Alaska State Troopers and the Department of Public Safety are investigating a series of five domestic-violence connected murders across rural Alaska in late Junea and early July. (Public Domain | RadioKAOS)

Alaska State Troopers and the Department of Public Safety are investigating a series of five domestic-violence connected murders across rural Alaska in late Junea and early July. (Public Domain | RadioKAOS)

Troopers respond to spate of domestic violence killings across state

Five deaths occurred in less than 10 days.

The Department of Public Safety is asking for help from the public after five apparent domestic violence-related deaths have occurred across rural Alaska in less than 10 days.

“These deaths are tragic and a stark indication that the blight of domestic violence occurring across Alaska hasn’t ebbed,” Said DPS Commissioner Amanda Price in a news release. “The DPS can’t stop the violence alone; we need the public’s help.”

Lawrence Paul was killed in Grayling on June 22. Rhoade Adams of Noatak and Carol Whalen of McGrather were killed a day apart. Ray Phillip and Bajon Augline appear to have killed each other in Alakanuk on July 1. All of the deaths appear to be the result of domestic violence, DPS said in the release.

““Stopping the violence will take community involvement. Communities must partner with law enforcement to take proactive efforts to support victims and survivors of domestic violence by holding offenders accountable even before relationships turn physically violent,” Price said in the release. “The DPS will continue to seek even more solutions to help end the violence and welcomes community dialogue so Alaskans can have meaningful participation in the process.”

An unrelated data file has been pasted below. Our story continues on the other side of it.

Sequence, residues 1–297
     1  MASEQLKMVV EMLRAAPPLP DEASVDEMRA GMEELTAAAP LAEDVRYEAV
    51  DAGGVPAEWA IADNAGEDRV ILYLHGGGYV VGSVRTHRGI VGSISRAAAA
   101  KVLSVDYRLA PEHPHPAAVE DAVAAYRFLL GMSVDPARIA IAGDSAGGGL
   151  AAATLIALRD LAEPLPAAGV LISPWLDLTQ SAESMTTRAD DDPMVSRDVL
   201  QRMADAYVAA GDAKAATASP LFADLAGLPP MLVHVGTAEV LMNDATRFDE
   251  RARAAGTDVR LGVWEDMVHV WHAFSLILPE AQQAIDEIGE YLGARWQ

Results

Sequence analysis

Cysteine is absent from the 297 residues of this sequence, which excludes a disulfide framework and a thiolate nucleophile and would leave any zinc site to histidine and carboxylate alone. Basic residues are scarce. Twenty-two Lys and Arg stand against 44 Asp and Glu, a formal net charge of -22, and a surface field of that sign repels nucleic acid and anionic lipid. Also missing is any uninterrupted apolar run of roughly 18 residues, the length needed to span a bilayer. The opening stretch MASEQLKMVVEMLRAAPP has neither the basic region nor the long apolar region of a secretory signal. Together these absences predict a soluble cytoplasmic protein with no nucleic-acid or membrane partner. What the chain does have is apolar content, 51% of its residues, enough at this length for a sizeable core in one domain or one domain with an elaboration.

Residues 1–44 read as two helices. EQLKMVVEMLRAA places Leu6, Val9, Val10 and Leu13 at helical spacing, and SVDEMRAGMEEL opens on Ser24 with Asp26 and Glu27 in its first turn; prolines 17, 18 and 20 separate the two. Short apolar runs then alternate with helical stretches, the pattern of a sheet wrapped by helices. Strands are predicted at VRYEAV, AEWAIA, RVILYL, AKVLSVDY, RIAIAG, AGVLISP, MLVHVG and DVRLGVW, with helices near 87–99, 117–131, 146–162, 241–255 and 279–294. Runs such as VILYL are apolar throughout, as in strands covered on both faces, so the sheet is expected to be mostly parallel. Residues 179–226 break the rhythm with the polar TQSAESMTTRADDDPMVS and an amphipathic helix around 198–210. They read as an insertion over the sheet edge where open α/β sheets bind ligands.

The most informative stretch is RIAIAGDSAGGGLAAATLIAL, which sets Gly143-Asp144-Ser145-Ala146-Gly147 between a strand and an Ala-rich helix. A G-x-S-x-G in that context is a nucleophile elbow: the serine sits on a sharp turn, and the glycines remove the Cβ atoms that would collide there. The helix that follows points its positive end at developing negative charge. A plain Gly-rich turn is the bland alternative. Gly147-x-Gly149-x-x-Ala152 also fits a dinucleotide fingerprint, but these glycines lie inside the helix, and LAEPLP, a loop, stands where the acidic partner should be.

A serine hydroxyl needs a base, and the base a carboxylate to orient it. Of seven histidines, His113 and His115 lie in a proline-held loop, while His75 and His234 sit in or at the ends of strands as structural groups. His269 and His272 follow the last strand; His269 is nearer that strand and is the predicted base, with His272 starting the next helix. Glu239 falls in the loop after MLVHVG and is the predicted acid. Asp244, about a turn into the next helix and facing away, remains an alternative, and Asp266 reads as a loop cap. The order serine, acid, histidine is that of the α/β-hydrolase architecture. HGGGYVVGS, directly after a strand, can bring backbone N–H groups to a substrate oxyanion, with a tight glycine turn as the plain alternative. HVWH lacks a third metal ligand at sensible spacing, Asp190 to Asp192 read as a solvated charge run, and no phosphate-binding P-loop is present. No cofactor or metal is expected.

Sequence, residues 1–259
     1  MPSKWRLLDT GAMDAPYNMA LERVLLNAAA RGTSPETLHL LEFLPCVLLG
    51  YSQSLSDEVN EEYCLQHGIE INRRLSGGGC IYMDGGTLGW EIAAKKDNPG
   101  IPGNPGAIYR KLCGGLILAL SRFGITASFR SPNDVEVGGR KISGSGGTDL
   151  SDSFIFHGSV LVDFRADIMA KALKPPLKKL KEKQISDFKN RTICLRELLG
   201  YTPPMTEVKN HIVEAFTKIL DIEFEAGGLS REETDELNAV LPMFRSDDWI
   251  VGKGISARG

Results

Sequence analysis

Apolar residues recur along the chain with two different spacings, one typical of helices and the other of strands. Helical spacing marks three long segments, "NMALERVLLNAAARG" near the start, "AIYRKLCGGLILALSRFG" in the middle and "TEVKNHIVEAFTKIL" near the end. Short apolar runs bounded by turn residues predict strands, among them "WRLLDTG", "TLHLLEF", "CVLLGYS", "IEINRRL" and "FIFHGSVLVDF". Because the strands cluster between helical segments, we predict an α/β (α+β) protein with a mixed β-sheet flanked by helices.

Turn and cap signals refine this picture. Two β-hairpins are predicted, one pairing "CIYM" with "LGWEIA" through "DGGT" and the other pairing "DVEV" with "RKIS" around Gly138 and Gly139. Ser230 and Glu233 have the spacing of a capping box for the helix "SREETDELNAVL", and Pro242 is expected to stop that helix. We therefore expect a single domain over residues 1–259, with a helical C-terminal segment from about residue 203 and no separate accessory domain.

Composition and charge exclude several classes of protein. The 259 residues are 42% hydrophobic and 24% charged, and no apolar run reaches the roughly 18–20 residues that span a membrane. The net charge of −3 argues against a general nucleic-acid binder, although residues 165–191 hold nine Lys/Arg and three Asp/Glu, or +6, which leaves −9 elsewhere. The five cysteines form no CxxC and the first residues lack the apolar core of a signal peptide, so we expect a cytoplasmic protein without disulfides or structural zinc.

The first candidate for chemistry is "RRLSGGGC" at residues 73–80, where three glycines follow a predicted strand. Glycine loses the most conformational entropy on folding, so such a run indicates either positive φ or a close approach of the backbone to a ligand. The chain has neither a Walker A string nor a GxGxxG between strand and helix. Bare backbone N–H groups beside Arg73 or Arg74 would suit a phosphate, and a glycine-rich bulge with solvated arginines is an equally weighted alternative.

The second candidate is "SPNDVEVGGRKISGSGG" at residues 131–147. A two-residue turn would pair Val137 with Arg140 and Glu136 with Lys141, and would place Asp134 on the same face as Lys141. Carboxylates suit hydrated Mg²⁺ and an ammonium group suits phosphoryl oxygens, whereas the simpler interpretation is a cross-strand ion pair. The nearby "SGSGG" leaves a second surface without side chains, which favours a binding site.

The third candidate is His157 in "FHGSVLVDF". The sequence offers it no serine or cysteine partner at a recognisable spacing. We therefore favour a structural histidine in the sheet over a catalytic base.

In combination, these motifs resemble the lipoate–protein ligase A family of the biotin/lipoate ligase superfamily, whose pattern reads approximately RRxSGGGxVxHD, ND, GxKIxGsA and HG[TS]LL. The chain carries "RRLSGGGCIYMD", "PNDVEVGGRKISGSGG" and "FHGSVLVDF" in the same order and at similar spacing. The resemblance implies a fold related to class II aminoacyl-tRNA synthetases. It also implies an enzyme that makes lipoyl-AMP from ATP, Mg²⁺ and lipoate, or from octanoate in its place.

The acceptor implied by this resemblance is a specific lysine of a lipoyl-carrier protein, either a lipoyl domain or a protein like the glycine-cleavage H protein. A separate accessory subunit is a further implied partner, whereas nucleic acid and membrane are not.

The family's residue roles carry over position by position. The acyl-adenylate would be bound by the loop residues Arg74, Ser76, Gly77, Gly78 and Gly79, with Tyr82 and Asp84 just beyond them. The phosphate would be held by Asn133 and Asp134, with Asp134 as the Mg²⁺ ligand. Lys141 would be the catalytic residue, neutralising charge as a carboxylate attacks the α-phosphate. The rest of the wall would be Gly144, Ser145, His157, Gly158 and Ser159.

The DPS hosts the Council on Domestic Violence and Sexual Assault, which funds 35 programs dedicated to victims services, child advocacy, and mental health service for children, as well as legal and advocacy service, prevention programs, and perpetrator rehab programs, according to the press release.

“Alaskans know that our rate of domestic violence is one of the highest in the nation. This is not acceptable nor is it a distinction we intend to continue,” said L. Diane Casto, Executive Director of CDVSA. “The Council, in conjunction with partner agencies, works diligently to provide a myriad of services to victims and to fund programs to prevent domestic and sexual violence.”

Available resources for help with domestic violence include:

• For immediate response call 911

• Alaska 2-1-1 for assistance, referrals, resources

• National Domestic Violence Hotline

• Call 800-799-7233

• Text LOVEIS to 22522

• Online chat at www.thehotline.org

• Alaska’s CARELINE at 877-266-4357

• National Sexual Assault Hotline at 800-656-HOPE (4673)

• To report child abuse at 800-478-4444 or online at ReportChildAbuse@alaska.gov

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